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In Memoriam

In Memoriam Tom Loback (1949­2015) was a well-known illustrator, linguist, and artist of Tolkien's writings. In the 1990s his illustrations were popular in Beyond Bree (whose logo he designed), Vinyar Tengwar, Little Gwaihir, Mythlore, and Parma Eldalamberon. As an Elvish linguist, Tom often incorporated Sindarin and Quenya script written in cirth and tengwar into his art. His depiction of Fingolfin in full battle glory recently appeared as the cover art on The Hobbit and Tolkien's Mythology: Essays on Revisions and Influences (McFarland, 2014). In the last two years, Tom was able to complete two large triptychs of Tolkien art, one on Fëanor and the creation of the Silmarils, and the other on the War of Wrath at the end of the First Age; he was working on a triptych of the Dagor Dagorath (Battle of Battles) before his untimely death. Tom was also well known in the New York area as an off-Broadway play producer, model soldier designer and painter, and maker of impromptu driftwood structures along the Hudson River often featured in the New York Times and other media. Much of his artwork can be viewed through online galleries, notably one at http://www.elvish.org/gwaith/tom_loback.htm. Stratford Caldecott, who died in Oxford, England, on July 17, 2014, aged 60, was a Catholic cultural thinker dedicated to literature, theology, and the "second spring" of Catholicism, and an ardent supporter of the works of J.R.R. Tolkien. He was born in 1953, and was for many years director of The Center for Faith and Culture in Oxford. He was on the editorial board of The Chesterton Review, and was coeditor of that journal's special issue, J.R.R. Tolkien: Mythos and Modernity in Middle-earth (vol. 28, no. 1­2, 2002). The issue was republished in book form as A Hidden Presence: The Catholic Imagination of J.R.R. Tolkien (Chesterton, 2003). He wrote numerous articles on Tolkien, and one full-length monograph, Secret Fire: The Spiritual Vision of J.R.R. Tolkien (Darton, Longman & Todd, 2003), which was revised and expanded for a U.S. edition as The Power of the Ring: The Spiritual Vision behind The Lord of the Rings (Crossroad, 2005, rev. 2012). In 2006, he organized a conference on Tolkien at Exeter College, Oxford. Papers from this conference were later published as Tolkien's The Lord of the Rings: Sources of Inspiration (Walking Tree, 2008), which he coedited with Thomas Honegger. vii http://www.deepdyve.com/assets/images/DeepDyve-Logo-lg.png Tolkien Studies West Virginia University Press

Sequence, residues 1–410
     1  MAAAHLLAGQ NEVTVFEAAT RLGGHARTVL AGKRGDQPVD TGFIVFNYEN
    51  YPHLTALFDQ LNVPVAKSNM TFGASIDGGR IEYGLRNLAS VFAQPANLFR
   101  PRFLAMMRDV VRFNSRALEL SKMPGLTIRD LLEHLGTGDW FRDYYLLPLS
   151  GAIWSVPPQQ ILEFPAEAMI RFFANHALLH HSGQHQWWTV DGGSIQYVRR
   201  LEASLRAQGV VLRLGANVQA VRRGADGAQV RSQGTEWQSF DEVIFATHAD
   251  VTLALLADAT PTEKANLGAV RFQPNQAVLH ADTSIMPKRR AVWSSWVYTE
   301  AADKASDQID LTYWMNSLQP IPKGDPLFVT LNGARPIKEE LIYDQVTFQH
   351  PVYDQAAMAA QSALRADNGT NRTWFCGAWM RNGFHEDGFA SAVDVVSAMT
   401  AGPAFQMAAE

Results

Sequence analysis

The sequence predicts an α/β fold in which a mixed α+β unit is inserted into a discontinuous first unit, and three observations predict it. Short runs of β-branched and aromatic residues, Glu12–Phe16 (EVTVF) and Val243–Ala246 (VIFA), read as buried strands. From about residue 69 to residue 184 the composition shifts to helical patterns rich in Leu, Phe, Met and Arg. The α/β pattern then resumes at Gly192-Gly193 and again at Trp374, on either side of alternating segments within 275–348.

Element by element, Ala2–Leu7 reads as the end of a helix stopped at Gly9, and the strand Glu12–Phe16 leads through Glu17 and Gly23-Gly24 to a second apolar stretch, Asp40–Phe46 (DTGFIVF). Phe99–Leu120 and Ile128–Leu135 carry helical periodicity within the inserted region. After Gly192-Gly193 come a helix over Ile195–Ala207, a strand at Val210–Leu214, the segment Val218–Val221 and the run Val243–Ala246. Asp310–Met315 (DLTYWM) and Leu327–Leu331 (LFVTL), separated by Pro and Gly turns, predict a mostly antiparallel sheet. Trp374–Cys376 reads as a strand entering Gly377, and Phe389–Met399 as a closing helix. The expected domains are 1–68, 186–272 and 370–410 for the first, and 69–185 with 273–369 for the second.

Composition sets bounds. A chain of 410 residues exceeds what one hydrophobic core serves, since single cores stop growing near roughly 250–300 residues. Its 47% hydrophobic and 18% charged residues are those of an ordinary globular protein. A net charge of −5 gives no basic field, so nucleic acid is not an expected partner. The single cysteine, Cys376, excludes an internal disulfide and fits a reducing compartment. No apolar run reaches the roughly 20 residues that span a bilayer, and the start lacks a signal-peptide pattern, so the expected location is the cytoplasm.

In Memoriam

Tolkien Studies , Volume 12 (1) – Dec 18, 2015

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Publisher
West Virginia University Press
Copyright
Copyright © 2008 West Virginia University Press.
ISSN
1547-3163
Publisher site
See Article on Publisher Site

Abstract

Tom Loback (1949­2015) was a well-known illustrator, linguist, and artist of Tolkien's writings. In the 1990s his illustrations were popular in Beyond Bree (whose logo he designed), Vinyar Tengwar, Little Gwaihir, Mythlore, and Parma Eldalamberon. As an Elvish linguist, Tom often incorporated Sindarin and Quenya script written in cirth and tengwar into his art. His depiction of Fingolfin in full battle glory recently appeared as the cover art on The Hobbit and Tolkien's Mythology: Essays on Revisions and Influences (McFarland, 2014). In the last two years, Tom was able to complete two large triptychs of Tolkien art, one on Fëanor and the creation of the Silmarils, and the other on the War of Wrath at the end of the First Age; he was working on a triptych of the Dagor Dagorath (Battle of Battles) before his untimely death. Tom was also well known in the New York area as an off-Broadway play producer, model soldier designer and painter, and maker of impromptu driftwood structures along the Hudson River often featured in the New York Times and other media. Much of his artwork can be viewed through online galleries, notably one at http://www.elvish.org/gwaith/tom_loback.htm. Stratford Caldecott, who died in Oxford, England, on July 17, 2014, aged 60, was a Catholic cultural thinker dedicated to literature, theology, and the "second spring" of Catholicism, and an ardent supporter of the works of J.R.R. Tolkien. He was born in 1953, and was for many years director of The Center for Faith and Culture in Oxford. He was on the editorial board of The Chesterton Review, and was coeditor of that journal's special issue, J.R.R. Tolkien: Mythos and Modernity in Middle-earth (vol. 28, no. 1­2, 2002). The issue was republished in book form as A Hidden Presence: The Catholic Imagination of J.R.R. Tolkien (Chesterton, 2003). He wrote numerous articles on Tolkien, and one full-length monograph, Secret Fire: The Spiritual Vision of J.R.R. Tolkien (Darton, Longman & Todd, 2003), which was revised and expanded for a U.S. edition as The Power of the Ring: The Spiritual Vision behind The Lord of the Rings (Crossroad, 2005, rev. 2012). In 2006, he organized a conference on Tolkien at Exeter College, Oxford. Papers from this conference were later published as Tolkien's The Lord of the Rings: Sources of Inspiration (Walking Tree, 2008), which he coedited with Thomas Honegger. vii

Journal

Tolkien StudiesWest Virginia University Press

Published: Dec 18, 2015

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